Post natal exercise plan (3-6 months post baby)
by Michelle Wright (post natal exercise specialist – Mishfit)
If all is going to plan, your baby will be settling into some sort of routine and although many mothers are still a way off having a full night sleep, your baby may be starting to reward your hard work with smiles, sounds and hugs. There is a good chance that if you have taken things sensibly for the first 3 months immediately following your birth (appropriate rest, good nutrition and restorative exercises), then you pelvic floor will be showing signs of returning to normal strength – thus allowing you to expand your exercise regime. Your post natal exercise plan however needs to be correctly prescribed.
Here are my top tips for next safe exercise steps:
- Strengthening upper back
Holding and nursing a baby for (sometimes) hours on end, can play havoc with your upper back. You may have even noticed that hunching is now your common posture trait. Invest in a theraband (cheaply available from all sporting stores) and hook it over a door handle. A couple of times per day, stand (or sit) with tall posture and use the pull action to contract the muscles of the upper back. Allow the shoulder blades to slide back to meet, rather than up to your ears. Exhaling purposefully while you pull the bands, will help contract your pelvic floor and engage your lower abdominal. Another great incidental activity is noticing when you are standing if your hands are rolling into you’re your body (so the back of your hands are facing to the front). Try externally rotating your hands, i.e.: having your palms face forward to release the tension of your shoulder blades. Feel what this action does all the way up to your neck!
- Check for diastasis
Diastasis is the splitting of the abdominal muscles that happens to around 60% of women during the late stages of pregnancy. It is essential to allow this to heal to maintain the integrity of your core, which will support your lower back. If you or a professional has diagnosed diastasis it is important to refrain from sit ups, crunches and any other exercises that push your insides through the gap, resulting in an abdominal doming. Check that you are not heaving yourself out of bed in a sit up action. Instead roll to your side and use your hands to push you up. Performing good pelvic floor muscle contractions, which engage your transverse muscle is essential for repair. Also wearing some recovery shorts are perfect, as they encourage the muscles to knit back together. Avoid the spanks type, as they may over time make matters worse.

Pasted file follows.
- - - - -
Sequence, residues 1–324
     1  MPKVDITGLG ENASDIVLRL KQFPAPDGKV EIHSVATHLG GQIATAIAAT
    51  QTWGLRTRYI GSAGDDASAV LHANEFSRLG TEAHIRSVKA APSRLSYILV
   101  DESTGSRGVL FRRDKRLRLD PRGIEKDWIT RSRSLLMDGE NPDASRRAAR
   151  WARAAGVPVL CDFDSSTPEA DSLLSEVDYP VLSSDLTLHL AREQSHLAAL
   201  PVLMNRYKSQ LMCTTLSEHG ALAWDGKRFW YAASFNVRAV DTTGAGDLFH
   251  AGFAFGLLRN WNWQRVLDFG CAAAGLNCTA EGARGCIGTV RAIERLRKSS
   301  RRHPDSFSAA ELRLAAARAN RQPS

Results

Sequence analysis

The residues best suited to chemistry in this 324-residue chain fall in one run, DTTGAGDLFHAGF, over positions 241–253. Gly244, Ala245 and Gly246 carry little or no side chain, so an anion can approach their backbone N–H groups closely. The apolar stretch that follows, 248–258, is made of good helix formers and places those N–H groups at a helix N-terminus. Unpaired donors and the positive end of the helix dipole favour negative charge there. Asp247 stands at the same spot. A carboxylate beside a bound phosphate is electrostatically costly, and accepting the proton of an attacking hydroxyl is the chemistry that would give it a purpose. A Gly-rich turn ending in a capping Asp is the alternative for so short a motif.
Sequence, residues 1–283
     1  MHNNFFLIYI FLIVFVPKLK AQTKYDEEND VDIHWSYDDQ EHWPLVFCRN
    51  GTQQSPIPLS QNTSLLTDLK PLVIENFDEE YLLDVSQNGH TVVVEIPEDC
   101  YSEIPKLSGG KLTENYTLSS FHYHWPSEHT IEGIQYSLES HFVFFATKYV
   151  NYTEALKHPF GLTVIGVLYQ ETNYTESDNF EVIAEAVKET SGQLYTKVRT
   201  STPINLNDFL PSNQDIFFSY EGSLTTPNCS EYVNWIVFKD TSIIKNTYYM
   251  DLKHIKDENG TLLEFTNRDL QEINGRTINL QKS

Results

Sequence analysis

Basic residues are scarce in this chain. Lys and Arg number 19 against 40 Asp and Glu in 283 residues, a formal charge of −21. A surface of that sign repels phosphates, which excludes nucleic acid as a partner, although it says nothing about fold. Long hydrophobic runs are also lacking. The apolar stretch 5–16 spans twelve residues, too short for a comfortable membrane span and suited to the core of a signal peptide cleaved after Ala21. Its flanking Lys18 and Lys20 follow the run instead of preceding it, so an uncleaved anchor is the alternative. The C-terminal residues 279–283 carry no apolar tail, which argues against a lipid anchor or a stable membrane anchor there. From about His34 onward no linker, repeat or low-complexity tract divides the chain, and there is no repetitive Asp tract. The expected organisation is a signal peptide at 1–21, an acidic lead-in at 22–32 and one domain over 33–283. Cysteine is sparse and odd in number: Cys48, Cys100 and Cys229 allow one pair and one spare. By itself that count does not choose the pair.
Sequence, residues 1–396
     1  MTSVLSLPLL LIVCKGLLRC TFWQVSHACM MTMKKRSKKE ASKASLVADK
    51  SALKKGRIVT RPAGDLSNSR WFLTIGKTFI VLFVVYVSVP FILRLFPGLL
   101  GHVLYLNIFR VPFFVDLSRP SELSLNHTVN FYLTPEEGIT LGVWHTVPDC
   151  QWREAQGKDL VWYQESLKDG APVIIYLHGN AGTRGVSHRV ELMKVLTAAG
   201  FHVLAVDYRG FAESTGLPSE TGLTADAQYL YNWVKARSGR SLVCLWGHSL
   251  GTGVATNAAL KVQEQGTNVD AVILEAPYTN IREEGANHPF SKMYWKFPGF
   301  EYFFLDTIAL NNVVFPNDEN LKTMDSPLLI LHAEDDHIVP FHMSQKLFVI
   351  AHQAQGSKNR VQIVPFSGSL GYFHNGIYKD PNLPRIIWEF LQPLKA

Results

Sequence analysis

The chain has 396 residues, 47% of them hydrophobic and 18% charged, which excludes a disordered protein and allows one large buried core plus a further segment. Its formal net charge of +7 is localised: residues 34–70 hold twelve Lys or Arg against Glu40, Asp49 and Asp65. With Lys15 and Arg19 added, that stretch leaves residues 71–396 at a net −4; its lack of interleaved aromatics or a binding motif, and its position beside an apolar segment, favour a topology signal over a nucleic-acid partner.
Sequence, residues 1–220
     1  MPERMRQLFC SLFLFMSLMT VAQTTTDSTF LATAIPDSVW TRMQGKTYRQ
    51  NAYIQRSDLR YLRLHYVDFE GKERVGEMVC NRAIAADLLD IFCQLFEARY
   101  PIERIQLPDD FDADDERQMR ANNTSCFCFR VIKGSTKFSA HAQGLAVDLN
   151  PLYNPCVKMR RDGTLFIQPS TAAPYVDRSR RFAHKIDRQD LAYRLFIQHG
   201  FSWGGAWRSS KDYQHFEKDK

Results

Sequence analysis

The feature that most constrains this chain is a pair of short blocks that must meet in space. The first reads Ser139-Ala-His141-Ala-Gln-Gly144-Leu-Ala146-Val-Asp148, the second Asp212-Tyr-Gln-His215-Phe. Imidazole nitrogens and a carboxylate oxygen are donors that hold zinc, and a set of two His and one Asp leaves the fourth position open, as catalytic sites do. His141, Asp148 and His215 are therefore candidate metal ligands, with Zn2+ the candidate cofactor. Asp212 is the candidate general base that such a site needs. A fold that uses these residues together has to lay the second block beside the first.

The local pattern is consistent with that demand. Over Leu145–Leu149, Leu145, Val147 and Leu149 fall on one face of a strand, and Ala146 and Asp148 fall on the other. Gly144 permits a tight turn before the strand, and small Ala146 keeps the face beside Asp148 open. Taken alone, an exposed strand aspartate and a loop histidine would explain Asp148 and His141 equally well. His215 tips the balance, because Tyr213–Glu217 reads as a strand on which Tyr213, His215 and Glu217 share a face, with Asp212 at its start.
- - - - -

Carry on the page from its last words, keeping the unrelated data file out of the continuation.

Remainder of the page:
- Engage your glutes!
- To start with, get up from sitting and notice if your quads (front of your thighs) are doing most of the work. If they are, try getting up again with using your glutes. You may need to push through the heels more to feel them activate. Last part; try exhaling as you get up out of your chair. Did you notice that your glutes switched on more? That is because you are activating the glutes best friend – your pelvic floor. Pelvic floor and glutes love to work together, but often need to be encouraged purposefully to do so.
- Have you noticed on yourself, or other mums what I call the Flat Bum Mum Syndrome? For many women the overuse of the thighs or quadriceps may result in weaker or worse – the glute muscles failing to switch on at all. Strong butt muscles are important to pelvic floor and overall core activation and often need a kick start or re-boot after birth.
Taking time with conscious activation your glutes and pelvic floor via your outward breath will pay dividends as your body is capable of performing many actions instantaneously and before long you will be getting up and down using your glutes unconsciously. Paying dividends not only to the look of your derriere, but also avoiding injury and pain. Mothers perform many many squats per day as part of their daily routine – picking up babies, shopping, washing etc. Learning to engage the glutes when performing this action is a fantastic way to incidentally improve the strength of your buttocks.